8 9

Smt. Suri Nagamma in her article on Amrita Nadi relates that in 1943 a certain wellversed pundit came to the Ashram and went on talking with Bhagavan for four full days on the subject of Amrita Nadi and its significance ! When the visitor left she took an Repetition of a sacred word (japa) cf. ajapa opportunity of raising the same point. Bha(when the repetition becomes silent). gavan explained to her that the pundit put his Consciousness. questions on the authority of the Sastras and Serpent power (yogic power). Six yogic centres. that he merely replied to him accordingly. He Cycle of births and deaths. however asked her not to worry about gatherspiritual yogic centre in the centre of ing all such (insignificant and superfluous) the Seventh brain.
5 6 7 8 9




By MADELINE Madeline Mende passed away on April 7, 1970 at the age of 67 (see obituary in April, 1971, p. 133). In going through her personal papers a friend of hers, Barbara Slof, came across an unfinished book in which there is a description of " How I came to the Maharshi". MENDE

" A n echo within ever whispers the soul's song ; G o d Guru ancient One of olden time M y own Self ; whither, whence How will It happen Can It possibly happen to me ? Cosmic calendar and clock decree a certain time, a certain place, when Time is ripe, when Time is right. Then came a marked turn in my spiritual road. Truly a turning point in life itself. Karmic predestinations : casually, informally yet preordained I occasionally met a friend in busy downtown Detroit. I mentioned L a n yon books. She swiftly stated: 'Listen, you really should read Maharshi's books. The Maharshi is Lanyon's Teacher. I am leaving town soon but you may use my two Maharshi books briefly for three days.'
Madeline Mende

1 stood still in eager anticipation. ' This minute, right here, I am fourteen hours from a Maharshi book.' M y own books ! spiritual feast to be savored slowly. M u c h of the reading was done with a sense of Light in joyous silence.

Then came the day of my life, in mid-mornOnly three days. Of course I tried to copy ing, in mid-summer. O n this sunshiny mornparts from those precious books sensing their ing, August 1961, I sat in a lawn chair in a special rare-true value. secluded grassy inner courtyard. M i n d was Two years passed. A t last a few Maharshi still, bliss of Being amidst tears of ecstasy. books were available in New Y o r k . Heart and soul cheered. The books were ordered, however I wasn't home when the postman tried to deliver them. Our local post office closes at five o'clock. I arrived home at six noting that books were available for me in the post office at eight o'clock the next morning. " M y very dear own Guru Maharshi my very dear own Guru M a h a r s h i " Six accurate, sacred sweet words stated two times from the heart. In the words of another " my fate and all that I was passed from that moment into the sacred hands of Sri Bhagavan forever."






" I had come Home. with me ever since.

In my own case the

precious sense of Bhagavan Presence has been Grace is."

always of Being Looking within and Knowing oneself. " I was with her as her time on earth drew to a close. One month before her passing she told me of a vision she had of what would happen at the moment of giving up the body. When she did finally pass on one month later it was in complete peace and very quickly. Fully conscious towards the end she said :
With Bhagavan's G R A C E - L E T M E GO I N P E A C E . "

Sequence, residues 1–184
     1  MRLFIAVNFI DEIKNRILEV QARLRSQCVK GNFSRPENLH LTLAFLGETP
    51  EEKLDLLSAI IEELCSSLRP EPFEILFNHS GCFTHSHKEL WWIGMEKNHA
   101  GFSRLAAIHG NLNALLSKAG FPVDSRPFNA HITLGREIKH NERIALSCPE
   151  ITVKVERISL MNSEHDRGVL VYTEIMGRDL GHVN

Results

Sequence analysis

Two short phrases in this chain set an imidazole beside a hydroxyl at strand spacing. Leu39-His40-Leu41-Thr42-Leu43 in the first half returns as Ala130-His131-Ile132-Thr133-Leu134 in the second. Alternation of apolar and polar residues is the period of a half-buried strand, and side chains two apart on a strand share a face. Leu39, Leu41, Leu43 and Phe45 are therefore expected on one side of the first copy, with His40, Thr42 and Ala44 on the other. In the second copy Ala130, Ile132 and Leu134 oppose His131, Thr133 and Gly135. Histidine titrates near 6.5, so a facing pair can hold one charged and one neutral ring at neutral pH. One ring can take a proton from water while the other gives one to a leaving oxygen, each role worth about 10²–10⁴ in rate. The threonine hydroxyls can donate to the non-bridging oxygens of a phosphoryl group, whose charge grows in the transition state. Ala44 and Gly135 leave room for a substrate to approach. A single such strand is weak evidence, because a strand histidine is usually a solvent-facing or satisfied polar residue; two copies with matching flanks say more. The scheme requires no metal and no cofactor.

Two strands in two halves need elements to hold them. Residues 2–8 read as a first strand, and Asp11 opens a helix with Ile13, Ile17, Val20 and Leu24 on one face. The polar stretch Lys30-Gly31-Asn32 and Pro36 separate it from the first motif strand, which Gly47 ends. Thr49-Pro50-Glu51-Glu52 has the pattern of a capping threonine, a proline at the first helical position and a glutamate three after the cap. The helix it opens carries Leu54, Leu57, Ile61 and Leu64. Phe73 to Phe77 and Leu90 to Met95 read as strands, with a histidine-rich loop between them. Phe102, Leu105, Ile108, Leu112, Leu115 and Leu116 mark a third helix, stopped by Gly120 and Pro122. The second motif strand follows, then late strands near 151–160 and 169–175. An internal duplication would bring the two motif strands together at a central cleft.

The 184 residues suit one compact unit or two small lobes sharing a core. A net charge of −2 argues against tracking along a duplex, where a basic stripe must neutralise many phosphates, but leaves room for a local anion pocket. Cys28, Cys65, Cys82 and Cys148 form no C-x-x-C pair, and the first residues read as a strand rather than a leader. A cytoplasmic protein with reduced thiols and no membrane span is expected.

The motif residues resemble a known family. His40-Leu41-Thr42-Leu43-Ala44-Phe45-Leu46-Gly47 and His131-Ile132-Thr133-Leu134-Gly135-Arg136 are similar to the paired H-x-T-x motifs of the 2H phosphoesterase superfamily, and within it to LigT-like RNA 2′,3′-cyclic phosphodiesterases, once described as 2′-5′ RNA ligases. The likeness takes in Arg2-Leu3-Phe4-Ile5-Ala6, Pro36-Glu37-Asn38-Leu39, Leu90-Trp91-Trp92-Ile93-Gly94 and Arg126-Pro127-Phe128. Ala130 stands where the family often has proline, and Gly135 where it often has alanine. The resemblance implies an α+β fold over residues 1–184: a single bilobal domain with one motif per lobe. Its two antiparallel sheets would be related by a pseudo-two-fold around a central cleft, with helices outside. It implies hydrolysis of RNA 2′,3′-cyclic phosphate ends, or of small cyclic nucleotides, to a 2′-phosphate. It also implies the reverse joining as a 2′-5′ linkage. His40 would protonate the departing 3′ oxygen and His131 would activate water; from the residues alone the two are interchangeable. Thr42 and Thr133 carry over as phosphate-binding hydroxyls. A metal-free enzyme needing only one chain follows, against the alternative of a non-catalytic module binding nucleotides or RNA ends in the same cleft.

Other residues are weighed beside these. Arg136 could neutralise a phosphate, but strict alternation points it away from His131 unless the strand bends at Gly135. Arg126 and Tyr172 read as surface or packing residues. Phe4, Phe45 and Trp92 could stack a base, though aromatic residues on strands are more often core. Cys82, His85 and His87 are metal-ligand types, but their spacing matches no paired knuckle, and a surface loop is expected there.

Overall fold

" I would just like you to know," concludes Barbara Slof, " that it was through Madeline that Bhagavan reached out to me and to many others here in Detroit. Not rich in earthly possessions she gave all of herself. To whomever she spoke it was

' O h let us live in joy, in love among those who hate ; Among men who hate let us live in love.' Dhammapada,




them what had happened and saw the darkness. He pondered : ' Overcome by darkTHE GLORY OF VARIOUS TIRTHAS ness (ignorance) I fell into an untimely sleep. (SACRED TANKS OR RIVERS) Sadasiva, the supremely effulgent Being, seems ON ARUNACHALA to have revealed His form in order to wake me up, and taken upon Himself the task of Gautama continued : creating the worlds. What remains for me j f ^ N C E L o r d Narayana reclining on the or Brahma to do ? I who forgot myself (my serpent Sesha in the M i l k y Ocean was real nature) in sleep devoid of Self-knowledge sleeping completely oblivious of the world. am a worthless fellow.' Even though the aeon had come to an end Thus contemplating the effulgent Linga (and it was time for the commencement of (Sadasiva), and his own Self, Sri Hari (Vishnu) another one) the whole universe was enve- prostrated before H i m and repeatedly saluted loped in complete darkness. The eternally H i m . B y this act he tried to get rid of his enlightened beings (nityasuris) were worried sins. Whereupon the effulgent Sambhu, the over this state of affairs. Even the devas are protector of those who seek refuge with H i m , unable to see the supremely effulgent being, blessed Hari (Vishnu) with his glance of they thought, and how will darkness ever be grace and asked him to rise. Hari then stood dispelled if this state is allowed to continue ? up and prayed to the extremely compassionate So they thought of (prayed to) L o r d Siva, Wearer of the Crescent M o o n (Siva): the undifferentiated effulgent Being, the L o r d " L o r d of the three worlds ! L o r d who is of the devas, the consort of U m a and their the Trinity ! L o r d who possesses the three own Self. Thus beseeched, L o r d Maheswara gunas ! Three-eyed L o r d ! Destroyer of the manifested Himself before them with the three cities (Tripura)! Being the L o r d of the object of protecting the universe. From the universe Thou performest deeds by Thy W i l l effulgent Sambhu, 33 crores of devas emerged according to the law of cause and effect as sparks and scattered in all directions. These devas woke up Vishnu who learnt from Continued from our last issue.